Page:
8. Thank you for the excellent reply Steve. I guess I’m being unrealistic looking for a “one course covers it all”. And thank you for the good advice on the other resources and also how to approach Paul’s course. Something I’ll want to look into. I see I didn’t add my name to the previous post. A problem when posting anonymously.

    Thanks again,


  9. Very nice review and a nice blog to follow.

    I'm going to be at the Baltimore show and plan to spend most of the time handing around Paul's booth watching and learning. I'm going to pick up the dvd/book at the show and get it signed while I'm at it.

  10. I picked up the book and DVDs at the Baltimore show. Really enjoy them and have begun using them to teach some things to my kids as well. One of the aspects of handtool work that really appeals to me that Paul talks about a lot is re-engaging children in the shop.

    That said, I'm also eagerly awaiting the posting of more of your course, Steve.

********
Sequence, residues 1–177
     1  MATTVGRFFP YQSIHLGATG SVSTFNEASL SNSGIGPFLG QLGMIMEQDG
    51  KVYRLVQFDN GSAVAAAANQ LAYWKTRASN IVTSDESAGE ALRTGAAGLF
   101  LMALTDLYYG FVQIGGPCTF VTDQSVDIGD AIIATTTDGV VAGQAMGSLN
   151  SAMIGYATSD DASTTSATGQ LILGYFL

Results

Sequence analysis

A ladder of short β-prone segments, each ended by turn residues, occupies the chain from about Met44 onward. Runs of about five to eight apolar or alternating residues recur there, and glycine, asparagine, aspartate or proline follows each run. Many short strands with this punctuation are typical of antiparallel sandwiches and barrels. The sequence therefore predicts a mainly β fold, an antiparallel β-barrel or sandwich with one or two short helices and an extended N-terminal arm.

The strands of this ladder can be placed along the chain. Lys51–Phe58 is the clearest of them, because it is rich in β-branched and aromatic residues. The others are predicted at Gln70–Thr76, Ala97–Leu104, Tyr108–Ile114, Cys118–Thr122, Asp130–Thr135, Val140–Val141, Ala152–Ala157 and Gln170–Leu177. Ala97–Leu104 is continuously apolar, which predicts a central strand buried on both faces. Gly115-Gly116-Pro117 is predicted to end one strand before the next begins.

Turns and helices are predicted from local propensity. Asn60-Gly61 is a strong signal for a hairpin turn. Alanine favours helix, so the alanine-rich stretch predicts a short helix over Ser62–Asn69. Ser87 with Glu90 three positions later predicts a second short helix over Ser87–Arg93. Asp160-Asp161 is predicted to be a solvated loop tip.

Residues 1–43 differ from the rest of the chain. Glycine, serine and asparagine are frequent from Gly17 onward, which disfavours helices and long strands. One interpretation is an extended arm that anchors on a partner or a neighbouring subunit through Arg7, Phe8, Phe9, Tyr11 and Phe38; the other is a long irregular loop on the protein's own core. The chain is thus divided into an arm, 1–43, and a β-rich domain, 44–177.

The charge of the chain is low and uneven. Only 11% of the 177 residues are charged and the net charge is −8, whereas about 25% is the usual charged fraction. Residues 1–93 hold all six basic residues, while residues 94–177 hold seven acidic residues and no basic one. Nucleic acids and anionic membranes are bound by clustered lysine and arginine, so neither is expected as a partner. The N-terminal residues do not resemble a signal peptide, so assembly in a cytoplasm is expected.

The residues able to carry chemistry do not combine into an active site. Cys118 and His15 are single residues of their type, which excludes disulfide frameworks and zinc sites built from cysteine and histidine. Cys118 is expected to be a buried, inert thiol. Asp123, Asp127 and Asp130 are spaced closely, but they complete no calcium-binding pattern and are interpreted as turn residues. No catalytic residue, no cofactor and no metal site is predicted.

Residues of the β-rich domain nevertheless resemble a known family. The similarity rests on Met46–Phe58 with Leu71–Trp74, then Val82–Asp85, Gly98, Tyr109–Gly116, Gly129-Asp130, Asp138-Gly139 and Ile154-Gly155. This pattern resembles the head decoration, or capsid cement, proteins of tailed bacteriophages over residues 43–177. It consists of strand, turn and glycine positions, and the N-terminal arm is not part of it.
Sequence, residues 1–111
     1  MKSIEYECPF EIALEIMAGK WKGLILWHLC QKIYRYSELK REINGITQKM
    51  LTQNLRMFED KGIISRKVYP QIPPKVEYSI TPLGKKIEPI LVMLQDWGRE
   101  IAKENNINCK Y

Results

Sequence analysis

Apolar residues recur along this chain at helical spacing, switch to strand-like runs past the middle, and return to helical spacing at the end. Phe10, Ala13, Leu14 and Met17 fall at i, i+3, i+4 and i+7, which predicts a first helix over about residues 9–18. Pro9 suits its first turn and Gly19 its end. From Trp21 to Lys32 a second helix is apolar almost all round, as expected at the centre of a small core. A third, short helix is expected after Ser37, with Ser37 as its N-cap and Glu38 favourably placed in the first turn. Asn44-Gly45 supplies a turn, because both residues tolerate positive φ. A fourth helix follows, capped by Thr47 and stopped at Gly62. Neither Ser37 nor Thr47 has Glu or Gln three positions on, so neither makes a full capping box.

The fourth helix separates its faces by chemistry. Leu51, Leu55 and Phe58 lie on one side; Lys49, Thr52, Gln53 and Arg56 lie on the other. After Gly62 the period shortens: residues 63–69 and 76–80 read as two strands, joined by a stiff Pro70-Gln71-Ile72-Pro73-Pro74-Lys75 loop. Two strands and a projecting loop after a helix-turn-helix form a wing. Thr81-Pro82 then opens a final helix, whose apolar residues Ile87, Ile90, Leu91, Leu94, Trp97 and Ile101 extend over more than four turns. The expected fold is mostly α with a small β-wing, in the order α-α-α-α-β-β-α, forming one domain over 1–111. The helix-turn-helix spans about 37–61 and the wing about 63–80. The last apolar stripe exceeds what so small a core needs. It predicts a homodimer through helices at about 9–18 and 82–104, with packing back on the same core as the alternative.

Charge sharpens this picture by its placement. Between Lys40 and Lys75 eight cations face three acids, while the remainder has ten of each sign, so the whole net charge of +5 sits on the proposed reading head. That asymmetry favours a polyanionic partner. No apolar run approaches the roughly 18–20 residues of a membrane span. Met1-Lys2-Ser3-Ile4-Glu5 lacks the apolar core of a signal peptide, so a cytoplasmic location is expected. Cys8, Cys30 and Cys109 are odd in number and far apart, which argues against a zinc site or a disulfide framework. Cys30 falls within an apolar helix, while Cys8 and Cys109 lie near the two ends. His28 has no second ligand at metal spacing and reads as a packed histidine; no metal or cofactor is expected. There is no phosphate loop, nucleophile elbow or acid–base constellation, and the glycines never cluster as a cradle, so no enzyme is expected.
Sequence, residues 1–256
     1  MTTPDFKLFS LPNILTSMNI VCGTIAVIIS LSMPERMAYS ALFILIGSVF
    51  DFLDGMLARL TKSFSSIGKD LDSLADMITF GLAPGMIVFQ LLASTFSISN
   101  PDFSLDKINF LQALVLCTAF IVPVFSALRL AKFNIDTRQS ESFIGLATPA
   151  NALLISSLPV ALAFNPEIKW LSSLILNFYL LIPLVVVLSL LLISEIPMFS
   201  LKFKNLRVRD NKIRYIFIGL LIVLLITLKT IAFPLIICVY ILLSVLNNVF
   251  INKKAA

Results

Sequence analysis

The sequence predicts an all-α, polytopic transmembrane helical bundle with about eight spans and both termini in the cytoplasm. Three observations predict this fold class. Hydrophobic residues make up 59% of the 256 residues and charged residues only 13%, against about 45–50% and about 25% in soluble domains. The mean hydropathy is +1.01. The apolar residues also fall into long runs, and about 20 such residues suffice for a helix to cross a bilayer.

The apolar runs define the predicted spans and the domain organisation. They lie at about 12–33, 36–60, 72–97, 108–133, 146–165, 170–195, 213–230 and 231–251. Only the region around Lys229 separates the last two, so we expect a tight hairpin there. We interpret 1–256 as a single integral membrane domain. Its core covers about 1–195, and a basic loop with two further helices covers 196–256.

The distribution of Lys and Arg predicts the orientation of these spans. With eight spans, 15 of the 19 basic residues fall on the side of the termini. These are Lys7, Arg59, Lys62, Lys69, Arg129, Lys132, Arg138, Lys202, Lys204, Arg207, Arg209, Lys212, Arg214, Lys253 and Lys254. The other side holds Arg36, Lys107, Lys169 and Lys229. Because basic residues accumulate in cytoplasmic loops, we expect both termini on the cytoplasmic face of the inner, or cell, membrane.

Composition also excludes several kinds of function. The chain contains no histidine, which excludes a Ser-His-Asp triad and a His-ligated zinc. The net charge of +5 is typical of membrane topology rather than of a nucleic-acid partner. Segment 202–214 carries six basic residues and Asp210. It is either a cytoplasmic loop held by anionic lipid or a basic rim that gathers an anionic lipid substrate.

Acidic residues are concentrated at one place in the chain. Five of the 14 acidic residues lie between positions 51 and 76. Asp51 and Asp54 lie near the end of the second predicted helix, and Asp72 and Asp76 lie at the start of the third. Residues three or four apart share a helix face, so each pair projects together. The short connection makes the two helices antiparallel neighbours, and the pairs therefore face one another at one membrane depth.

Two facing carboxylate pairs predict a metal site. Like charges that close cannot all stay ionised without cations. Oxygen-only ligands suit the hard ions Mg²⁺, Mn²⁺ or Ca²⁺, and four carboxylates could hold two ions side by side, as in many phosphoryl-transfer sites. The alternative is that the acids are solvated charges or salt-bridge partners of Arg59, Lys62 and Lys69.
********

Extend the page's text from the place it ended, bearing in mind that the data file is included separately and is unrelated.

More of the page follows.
11. I bought the whole set through Amazon after seeing Paul at the woodworking show in Springfield. I attended the show not knowing anything about Paul or hand tool woodworking. I have been without a work space for nearly 16 years and now have a shop that was built in November 2011. There is no power and no heat yet. The first thing I bought was an old Shopsmith like the one I used to have and a Reliant 2HP dust collector. After watching the videos and reading the book I won't be filling the workspace with power tools. I'm thinking of selling the Reliant and maybe the Shopsmith as well. The workbench will be my first project. The fact that I can build it with grade A construction lumber makes it a lot easier for a beginner like me to get started. The videos can be followed in what ever order you want.